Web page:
National September 11 Memorial & Museum
Library of Congress September 11, 2001 Documentary Project
Books available at the library:
Shine, Coconut Moon by Neesha Meminger
The Test of our Times: America Under Siege - and How we can be Safe Again by Thomas Ridge
Ground Zero: a Repairman Jack Novel by Paul Wilson
14 Cows for America by Carmen Deedy
The Commission: the Uncensored History of the 9/11 Investigation by Philip Shenon
Touching History: the Untold Story of the Drama that Unfolded in the Skies Over America on 9/11 by Lynn Spencer
Extremely Loud & Incredibly Close by Jonathan Foer
The 9/11 Report: a Graphic Adaptation by Sid Jacobson
Magazines and newspapers:
A variety of articles on September 11, 2001 are available at MasterFile Premier (you'll need your library card number handy)
Friday, January 01, 2010
On a side note, feel free to Suggest a Title via FindIt, the library catalog, if we do not own the music you're looking for. And, if you don't know how to place a hold already, Ask a Librarian how you can get something sent to the branch of your choice and notified by email when it is available.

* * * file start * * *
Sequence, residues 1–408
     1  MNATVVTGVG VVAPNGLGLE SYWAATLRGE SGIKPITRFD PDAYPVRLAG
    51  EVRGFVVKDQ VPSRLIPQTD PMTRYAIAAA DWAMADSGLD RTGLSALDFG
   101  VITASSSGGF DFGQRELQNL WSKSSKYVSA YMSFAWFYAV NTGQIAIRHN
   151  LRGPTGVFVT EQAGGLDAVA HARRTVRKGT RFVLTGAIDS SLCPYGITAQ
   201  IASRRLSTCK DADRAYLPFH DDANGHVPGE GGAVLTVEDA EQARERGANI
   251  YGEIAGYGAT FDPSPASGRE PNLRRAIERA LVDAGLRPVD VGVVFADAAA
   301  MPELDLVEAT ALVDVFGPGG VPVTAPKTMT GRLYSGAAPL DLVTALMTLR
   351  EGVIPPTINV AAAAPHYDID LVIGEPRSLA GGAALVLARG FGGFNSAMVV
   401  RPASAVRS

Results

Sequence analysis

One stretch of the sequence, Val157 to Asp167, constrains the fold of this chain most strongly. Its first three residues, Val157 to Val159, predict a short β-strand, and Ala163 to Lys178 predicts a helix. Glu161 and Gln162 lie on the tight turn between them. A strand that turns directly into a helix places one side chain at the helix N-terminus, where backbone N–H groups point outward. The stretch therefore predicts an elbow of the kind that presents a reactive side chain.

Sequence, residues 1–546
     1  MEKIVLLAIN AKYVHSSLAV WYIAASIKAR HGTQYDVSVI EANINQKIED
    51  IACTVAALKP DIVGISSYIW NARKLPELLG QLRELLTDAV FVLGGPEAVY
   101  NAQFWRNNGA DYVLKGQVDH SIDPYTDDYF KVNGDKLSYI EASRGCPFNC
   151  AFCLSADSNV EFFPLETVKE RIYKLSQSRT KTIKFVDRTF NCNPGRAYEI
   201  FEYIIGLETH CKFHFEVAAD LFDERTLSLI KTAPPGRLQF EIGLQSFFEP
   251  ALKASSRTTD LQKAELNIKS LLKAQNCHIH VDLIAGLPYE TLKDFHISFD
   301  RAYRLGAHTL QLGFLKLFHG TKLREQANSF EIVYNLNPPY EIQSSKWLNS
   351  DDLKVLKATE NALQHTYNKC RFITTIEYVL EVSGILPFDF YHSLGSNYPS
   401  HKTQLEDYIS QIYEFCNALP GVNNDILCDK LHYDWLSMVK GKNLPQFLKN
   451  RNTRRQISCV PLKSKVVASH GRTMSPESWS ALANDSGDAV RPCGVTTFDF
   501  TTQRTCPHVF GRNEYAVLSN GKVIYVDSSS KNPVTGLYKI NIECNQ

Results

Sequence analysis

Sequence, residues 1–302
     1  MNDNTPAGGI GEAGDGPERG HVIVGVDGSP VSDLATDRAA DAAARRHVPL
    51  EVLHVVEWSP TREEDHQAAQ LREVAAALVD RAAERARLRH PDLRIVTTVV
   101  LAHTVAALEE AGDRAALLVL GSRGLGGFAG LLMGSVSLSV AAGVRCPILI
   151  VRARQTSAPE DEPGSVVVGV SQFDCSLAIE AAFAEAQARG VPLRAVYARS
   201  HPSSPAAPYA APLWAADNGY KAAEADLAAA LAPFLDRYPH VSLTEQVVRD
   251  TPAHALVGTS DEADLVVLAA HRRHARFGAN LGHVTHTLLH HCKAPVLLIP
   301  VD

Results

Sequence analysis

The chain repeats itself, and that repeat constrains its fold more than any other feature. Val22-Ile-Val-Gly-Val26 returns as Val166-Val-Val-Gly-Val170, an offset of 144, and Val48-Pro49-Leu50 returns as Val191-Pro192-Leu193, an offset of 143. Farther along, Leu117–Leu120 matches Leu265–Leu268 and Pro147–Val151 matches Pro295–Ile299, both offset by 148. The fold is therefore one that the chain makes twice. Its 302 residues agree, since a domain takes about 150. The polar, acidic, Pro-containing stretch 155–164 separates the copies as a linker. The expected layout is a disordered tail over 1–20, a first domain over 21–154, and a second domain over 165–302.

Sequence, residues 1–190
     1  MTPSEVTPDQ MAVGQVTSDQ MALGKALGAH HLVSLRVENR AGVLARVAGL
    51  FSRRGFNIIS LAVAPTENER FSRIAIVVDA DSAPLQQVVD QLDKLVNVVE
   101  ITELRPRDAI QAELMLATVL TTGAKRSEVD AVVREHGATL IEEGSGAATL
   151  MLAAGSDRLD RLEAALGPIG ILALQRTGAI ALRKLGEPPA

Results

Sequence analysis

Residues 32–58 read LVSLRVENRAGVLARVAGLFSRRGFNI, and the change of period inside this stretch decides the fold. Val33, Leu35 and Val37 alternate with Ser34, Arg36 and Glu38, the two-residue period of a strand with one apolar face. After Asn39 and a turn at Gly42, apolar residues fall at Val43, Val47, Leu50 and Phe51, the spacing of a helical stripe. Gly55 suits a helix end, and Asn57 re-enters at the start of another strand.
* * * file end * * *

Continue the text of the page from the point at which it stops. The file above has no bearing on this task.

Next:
Around the Well - Iron & Wine
Samuel Beam, the man behind Iron & Wine, resides just outside of Austin, TX and only gets better each album he releases with his folky, lovely tunes. Read reviews and take a listen.
Blood Bank - Bon Iver
This is just a 4-song EP, not a full album, but the song "Woods" made it hard for me not to put on the list. Read reviews and take a listen.
Dark was the Night: A Red Hot Compilation - David Byrne
David Byrne is the man: lead singer of the Talking Heads, author of a new book, and the creator of this excellent compilation including music by artists such as Spoon, Arcade Fire, Blonde Readhead, Stuart Murdoch, and Conor Oberst. Read reviews and take a listen.
Hazards of Love - The Decemberists
The Last Broadcast released in 2002, but this new effort reminds me of why I like them so much and makes me wonder why more people aren't familiar with them. Read reviews and take a listen.
reviews and take a listen.
reviews and take a listen.
reviews and take a listen.
Let's Get Out of this Country (watch a video of one of those tracks here). Read reviews and take a listen.
reviews and take a listen.
Devendra Banhart), if you like Iron & Wine, you'll probably love Vetiver. Read reviews and take a listen.
reviews and take a listen.
The Century of Self - ...And You Will Know Us By the Trail of Dead
If you haven't heard of Trail of Dead by now and you've been living in Austin for 5 years or longer, I'd say you've been living under a rock. Get with the times and check out their new album. Read reviews and take a listen.
Everything You Love Will Be Taken Away - Slaid Cleaves
I initially stumbled upon Slaid Cleaves via the jukebox at the Horeshoe Lounge (the album Broke Down). His 2009 album does not disappoint and Cleaves still proves to be an amazing songwriter. Read reviews and take a listen.
review and take a listen.